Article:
Spindle by Shonna Slayton
Published by Entangled Teen Genres: Children's Books, Children's Fiction (Tween), Coming of Age, Romance, Young Adult
Buy the Book • Goodreads
In a world where fairies lurk and curses linger, love can bleed like the prick of a finger…
Briar Rose knows her life will never be a fairy tale. She’s raising her siblings on her own, her wages at the spinning mill have been cut, and the boy she thought she had a future with has eyes for someone else. Most days it feels like her best friend, Henry Prince, is the only one in her corner…though with his endless flirty jokes, how can she ever take him seriously?
When a mysterious peddler offers her a “magic” spindle that could make her more money, sneaking it into the mill seems worth the risk. But then one by one, her fellow spinner girls come down with the mysterious sleeping sickness…and Briar’s not immune.
If Briar wants to save the girls—and herself—she’ll have to start believing in fairy tales…and in the power of a prince’s kiss.
A different take on the Sleeping Beauty tale with a unique twist. I love retellings and adaptions but most of all I love when the story takes a mind and life of its own, and that is the kind of book Spindle is. Filled with historical facts and politics of the era, this book was captivating for me. I recommend this one to anyone who likes adaptions of classic fairy tales more than the retelling.
She never asked Henry to walk her to the cottage. But that was the way with a Prince, as everyone said. They acted out of habit, and once a habit was established, it stayed that way. His new habit appeared to be trying to keep her mind off of Wheeler.
“They’re ridiculous,” he said scornfully as the couple in front of them touched hands for a few moments before separating again.
Briar’s heart cracked a little more. She remained silent, but fingered the fancy comb holding up her hair. The comb that Wheeler had given her for Christmas. And now they’re going to our pond. Is there no other place he can take her?
“You can hold my hand if it would make you feel better,” Henry said. He held out his calloused, grease-laden fingers for her to grab. His hand had grown since the last time he’d offered it to her.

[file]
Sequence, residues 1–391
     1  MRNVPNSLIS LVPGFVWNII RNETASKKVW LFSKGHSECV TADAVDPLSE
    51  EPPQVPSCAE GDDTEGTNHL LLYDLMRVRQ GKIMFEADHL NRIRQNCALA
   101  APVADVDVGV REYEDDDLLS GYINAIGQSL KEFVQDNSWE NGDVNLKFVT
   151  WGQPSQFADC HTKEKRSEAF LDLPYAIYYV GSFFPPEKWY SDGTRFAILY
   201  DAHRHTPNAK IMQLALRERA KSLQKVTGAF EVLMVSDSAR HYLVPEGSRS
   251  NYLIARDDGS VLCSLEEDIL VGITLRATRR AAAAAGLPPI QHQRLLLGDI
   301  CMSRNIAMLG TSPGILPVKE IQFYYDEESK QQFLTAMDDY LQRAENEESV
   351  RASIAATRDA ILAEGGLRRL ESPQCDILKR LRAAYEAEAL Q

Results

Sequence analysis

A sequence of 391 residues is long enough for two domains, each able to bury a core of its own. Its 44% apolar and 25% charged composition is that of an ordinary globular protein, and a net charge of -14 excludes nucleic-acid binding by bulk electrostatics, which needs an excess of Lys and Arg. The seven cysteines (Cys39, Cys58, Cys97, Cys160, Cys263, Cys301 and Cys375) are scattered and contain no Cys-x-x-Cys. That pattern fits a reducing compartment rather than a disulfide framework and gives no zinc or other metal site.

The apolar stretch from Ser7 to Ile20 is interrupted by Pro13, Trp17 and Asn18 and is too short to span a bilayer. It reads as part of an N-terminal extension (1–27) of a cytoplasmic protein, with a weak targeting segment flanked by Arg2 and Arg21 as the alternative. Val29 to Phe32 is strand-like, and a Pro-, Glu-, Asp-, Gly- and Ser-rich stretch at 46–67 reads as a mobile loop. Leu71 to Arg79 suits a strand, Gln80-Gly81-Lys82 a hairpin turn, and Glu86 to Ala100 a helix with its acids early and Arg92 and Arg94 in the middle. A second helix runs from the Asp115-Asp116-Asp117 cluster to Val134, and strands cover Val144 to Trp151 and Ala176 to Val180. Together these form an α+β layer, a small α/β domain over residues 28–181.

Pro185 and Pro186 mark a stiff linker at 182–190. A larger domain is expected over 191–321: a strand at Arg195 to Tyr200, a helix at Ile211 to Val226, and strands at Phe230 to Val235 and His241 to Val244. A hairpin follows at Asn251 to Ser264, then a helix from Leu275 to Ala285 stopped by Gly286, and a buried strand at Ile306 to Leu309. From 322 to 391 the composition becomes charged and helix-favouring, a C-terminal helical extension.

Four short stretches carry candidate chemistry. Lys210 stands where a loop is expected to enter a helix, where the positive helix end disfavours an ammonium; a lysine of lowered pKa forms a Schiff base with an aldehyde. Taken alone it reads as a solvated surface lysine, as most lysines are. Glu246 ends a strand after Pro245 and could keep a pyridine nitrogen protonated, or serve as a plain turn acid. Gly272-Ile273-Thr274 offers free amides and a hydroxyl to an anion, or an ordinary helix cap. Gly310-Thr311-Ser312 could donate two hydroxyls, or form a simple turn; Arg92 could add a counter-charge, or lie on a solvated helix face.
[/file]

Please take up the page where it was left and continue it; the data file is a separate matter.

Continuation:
She sighed. Henry. He was there when her family moved into the valley and would likely still be there when they moved out. She was told there’d never been a time when Sunrise Valley didn’t have a Henry Prince in it. From son back to father to grandfather and beyond, and none of them had ever gone anywhere. They were known as a reclusive family, hardly leaving their farm. Except for Henry. He was different.
Briar’s family had only been in the valley since Pansy was born. They were supposed to be traveling through, but then Da got a job at the new factory and they stayed. Mam worked, too, but developed the coughing sickness from all the cotton in her lungs. She died when the twin boys were born, and then when Da died of consumption, the Jenny children were stuck there, like weeds that nobody wanted.
Briar didn’t intend for them to stay any longer in Sunrise Valley than they had to. She would find a way out for her sister and brothers. Back to the Old Country like Mam wanted for them. Back to where they would fit in. And Henry Prince was not that way.
He wiggled his eyebrows at her.
Unguarded, she laughed. This particular Henry Prince was also known for being an audacious flirt.
SHONNA SLAYTON writes historical fairy tales for Entangled TEEN. Cinderella’s Dress and Cinderella’s Shoes, set in the 1940s are out now. Spindle, a Sleeping Beauty inspired tale set in the late 1800s, will be out October 2016.
She finds inspiration in reading vintage diaries written by teens, who despite using different slang, sound a lot like teenagers today. When not writing, Shonna enjoys amaretto lattes and spending time with her husband and children in Arizona.
The best way to keep in touch is by signing up for her monthly newsletter. She sends out behind-the-scenes info you can’t read anywhere else. Sign up is on the sidebar of her website Shonna Slayton.
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